The drumbeat of politicians sounding the alarm about the need to rethink how we educate children in this country is music to my ears. But the rhythm of the conversation, which tends to focus on Science, Technology,Engineering, and Math, is missing a beat: STEM needs an A, for the Arts. How did I learn this? The hard way… […]
" /> Mickey Hart: There’s a Fire on the Mountain Innovatie Dagblad
bannerTop

Mickey Hart: There’s a Fire on the Mountain

The drumbeat of politicians sounding the alarm about the need to rethink how we educate children in this country is music to my ears. But the rhythm of the conversation, which tends to focus on Science, Technology,Engineering, and Math, is missing a beat: STEM needs an A, for the Arts.

How did I learn this? The hard way… I hated science in high school. Technology? Engineering? Math? Why would I ever need this? Little did I realize that music was also about science, technology, engineering and mathematics, all rolled into one. As I began to fulfill my dreams these skills became my allies, my new instrument.

The more I studied music the more I recognized rhythmic patterns in nature and the relationship between the vibrations of a drum and the geometry of the universe. When my old friend Bill Graham was “recycling” concert tickets twice, and then paying us for half, I learned to count. Math class in session. When the Grateful Dead needed a quality sound system to deliver our sonic payload, I learned electronics and speaker design. Engineering class in session. When the Deadheads recorded and distributed our performances worldwide, I learned about computer networks. Technology class in session.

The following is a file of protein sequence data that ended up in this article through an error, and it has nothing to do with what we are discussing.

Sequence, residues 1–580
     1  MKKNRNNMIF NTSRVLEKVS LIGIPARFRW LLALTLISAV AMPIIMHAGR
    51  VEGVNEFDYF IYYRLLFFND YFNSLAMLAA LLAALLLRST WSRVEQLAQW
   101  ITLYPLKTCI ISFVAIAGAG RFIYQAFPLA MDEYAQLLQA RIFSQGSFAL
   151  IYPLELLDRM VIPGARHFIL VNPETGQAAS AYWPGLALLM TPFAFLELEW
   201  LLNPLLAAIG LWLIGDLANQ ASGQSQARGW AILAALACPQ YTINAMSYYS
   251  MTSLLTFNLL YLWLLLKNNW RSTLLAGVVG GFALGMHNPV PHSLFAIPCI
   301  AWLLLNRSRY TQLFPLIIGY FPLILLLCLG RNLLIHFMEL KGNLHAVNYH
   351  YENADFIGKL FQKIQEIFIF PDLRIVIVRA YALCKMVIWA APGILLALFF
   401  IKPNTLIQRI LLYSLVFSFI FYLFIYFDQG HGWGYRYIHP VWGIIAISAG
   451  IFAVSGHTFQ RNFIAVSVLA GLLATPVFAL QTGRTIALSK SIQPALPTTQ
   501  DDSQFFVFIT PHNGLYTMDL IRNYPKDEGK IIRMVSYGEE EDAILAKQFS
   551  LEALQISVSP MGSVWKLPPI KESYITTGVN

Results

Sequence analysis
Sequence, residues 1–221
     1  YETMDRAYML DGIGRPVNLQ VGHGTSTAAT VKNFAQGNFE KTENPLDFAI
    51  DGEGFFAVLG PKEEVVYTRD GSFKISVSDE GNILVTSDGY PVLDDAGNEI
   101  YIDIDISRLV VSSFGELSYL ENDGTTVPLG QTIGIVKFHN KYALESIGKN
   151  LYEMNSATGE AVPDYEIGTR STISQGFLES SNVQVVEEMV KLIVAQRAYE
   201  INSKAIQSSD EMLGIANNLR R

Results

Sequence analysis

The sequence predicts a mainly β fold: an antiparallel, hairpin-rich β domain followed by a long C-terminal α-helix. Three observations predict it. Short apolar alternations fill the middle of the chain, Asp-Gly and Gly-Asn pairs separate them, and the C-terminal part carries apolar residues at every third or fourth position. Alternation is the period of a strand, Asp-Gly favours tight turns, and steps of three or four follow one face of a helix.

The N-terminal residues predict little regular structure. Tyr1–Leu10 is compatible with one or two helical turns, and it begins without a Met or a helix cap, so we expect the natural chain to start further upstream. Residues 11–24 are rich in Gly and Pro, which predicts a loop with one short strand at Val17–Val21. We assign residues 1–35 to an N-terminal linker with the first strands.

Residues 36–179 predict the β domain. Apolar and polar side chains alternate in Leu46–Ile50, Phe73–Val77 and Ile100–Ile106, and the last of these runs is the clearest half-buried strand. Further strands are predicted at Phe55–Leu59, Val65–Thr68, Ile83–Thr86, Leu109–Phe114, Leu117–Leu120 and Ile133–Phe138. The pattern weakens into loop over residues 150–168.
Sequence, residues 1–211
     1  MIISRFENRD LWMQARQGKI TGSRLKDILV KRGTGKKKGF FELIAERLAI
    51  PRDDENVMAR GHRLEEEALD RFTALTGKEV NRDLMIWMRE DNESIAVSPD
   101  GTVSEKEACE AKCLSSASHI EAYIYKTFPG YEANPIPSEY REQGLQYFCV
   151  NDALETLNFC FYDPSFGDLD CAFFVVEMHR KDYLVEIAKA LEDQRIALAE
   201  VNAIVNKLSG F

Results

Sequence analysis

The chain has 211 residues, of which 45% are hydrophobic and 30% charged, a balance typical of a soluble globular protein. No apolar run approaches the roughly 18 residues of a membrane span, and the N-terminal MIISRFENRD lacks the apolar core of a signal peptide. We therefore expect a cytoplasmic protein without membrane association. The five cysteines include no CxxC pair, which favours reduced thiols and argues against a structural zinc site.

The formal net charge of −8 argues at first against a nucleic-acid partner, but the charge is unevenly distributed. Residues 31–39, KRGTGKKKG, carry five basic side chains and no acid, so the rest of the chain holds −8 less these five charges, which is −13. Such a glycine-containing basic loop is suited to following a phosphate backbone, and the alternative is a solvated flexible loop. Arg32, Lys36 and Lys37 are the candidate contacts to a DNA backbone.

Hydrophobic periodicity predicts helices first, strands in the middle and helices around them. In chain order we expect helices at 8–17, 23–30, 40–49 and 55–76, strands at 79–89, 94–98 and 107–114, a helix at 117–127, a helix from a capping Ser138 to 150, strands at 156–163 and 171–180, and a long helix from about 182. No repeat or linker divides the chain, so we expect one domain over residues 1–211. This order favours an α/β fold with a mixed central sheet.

Now the kid who hated science and math in high school works with the Nobel-prize winning astrophysicist George Smoot, collaborating on how to create music from the epic events created in the forming of the universe — from the Big Bang to the galaxies, the stars and the planets.

I also joined forces with neurologist Oliver Sacks, who has shown me the power music and rhythm play in awakening a damaged mind as documented in the new film The Music Never Stopped. Science now tells us that vibrations reconnect damaged neural pathways, meaning music therapy can be as healing as physical therapy.

Mickey Hart: There’s a Fire on the Mountain.


Tags: ,

Trackback  •  Posted by Rene in community category

 

Comments are closed. Please check back later.